There’s fascinating stuff to see and discover every place. I’m in Tampa, Florida with my good hiking friend, Beth R. She invited me to come and speak to her friends on the national parks of the South. Yep, I’m there.
But first, she took me on an excursion through Ybor City, the historic cigar making area of Tampa. Like many ethnic neighborhoods, Ybor City started with a strong businessman, Vicente Martinez Ybor, a Spaniard who first emigrated to Cuba. He set up cigar factories in the 1880s and encouraged Cubans, the Spanish and Italians to work for him. Thousands of (mostly) men rolled cigars for years, until WWII.
Like most of these neighborhoods, the children and grandchildren of immigrants moved out to the suburbs and better opportunities.
Again, like many urban areas, Ybor City declined but it was never bulldozed. Now it’s on the upswing again, with restaurants, nightclubs and a museum which explains the area.
But the Columbia Restaurant hung on through all the ups and down. It is the ultimate, old-fashioned white tablecloth where men wear jackets, even if it isn’t required. No, I didn’t eat there, but I’m thinking, maybe, the next time.
At 5 pm or so, the first of Beth’s guests rang the doorbell. She had invited about 50 people and several brought friends and spouses. I can only describe this as a “soiree”, defined as:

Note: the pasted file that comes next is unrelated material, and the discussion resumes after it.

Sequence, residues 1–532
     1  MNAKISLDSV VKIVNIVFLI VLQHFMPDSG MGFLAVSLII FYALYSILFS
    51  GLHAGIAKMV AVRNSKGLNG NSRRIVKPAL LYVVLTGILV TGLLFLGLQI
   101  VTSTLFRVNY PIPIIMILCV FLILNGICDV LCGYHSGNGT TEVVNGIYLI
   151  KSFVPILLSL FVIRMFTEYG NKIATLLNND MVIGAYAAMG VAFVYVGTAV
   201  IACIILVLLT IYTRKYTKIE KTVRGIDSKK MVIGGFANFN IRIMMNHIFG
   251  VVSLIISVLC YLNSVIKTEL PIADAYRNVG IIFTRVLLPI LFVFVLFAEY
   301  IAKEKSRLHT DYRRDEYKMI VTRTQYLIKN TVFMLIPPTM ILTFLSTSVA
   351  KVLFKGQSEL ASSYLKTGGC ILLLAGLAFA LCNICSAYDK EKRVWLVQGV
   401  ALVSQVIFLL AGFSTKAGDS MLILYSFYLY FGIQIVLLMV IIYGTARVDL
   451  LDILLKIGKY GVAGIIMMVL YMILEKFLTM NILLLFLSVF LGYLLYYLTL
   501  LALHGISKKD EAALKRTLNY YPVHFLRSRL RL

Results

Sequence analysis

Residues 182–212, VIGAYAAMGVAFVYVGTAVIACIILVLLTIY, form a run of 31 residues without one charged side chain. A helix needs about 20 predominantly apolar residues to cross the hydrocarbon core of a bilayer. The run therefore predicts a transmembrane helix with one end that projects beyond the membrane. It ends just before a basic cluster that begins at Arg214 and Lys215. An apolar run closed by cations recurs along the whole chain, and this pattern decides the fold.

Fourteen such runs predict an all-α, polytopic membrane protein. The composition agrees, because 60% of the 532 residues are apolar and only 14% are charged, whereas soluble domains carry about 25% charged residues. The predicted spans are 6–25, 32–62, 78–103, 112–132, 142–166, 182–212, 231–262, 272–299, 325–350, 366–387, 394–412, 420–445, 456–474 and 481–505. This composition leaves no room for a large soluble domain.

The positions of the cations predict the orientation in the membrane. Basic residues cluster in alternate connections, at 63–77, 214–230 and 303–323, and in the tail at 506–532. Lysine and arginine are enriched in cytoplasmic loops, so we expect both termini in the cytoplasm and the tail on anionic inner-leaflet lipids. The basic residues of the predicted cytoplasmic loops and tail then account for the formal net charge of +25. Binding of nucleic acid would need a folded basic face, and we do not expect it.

an evening party or gathering, typically in a private house, for conversation or music.
The catered finger food was awesome. Beth’s husband pored the wine. I mingled, shaking hands and signing my book, Forests, Alligators, Battlefields: My Journey through the National Parks of the South. We had set up my laptop and projector to project on a blank wall. At 6 pm, I talked about the “nature parks”, showed some slides and answered questions.
Then back to shaking hands.
By now, more people had come. Some who had come early had to leave, clutching their book.
At 7 pm, I gave another 15-minute talk, this time about the “cultural” parks. Which national park units is the closest to Tampa, I asked? We decided that it was De Soto National Monument in Brandenton.
More food, more signing and the last guest left at 8 pm. Everyone needed to be back at work the next morning. This was a new experience for me. I’ve spoken at bookstores, outdoor stores, hiking clubs and civic organizations but this was my first private function.
If you’re curious, I have many other book events scheduled. See the list and come on out.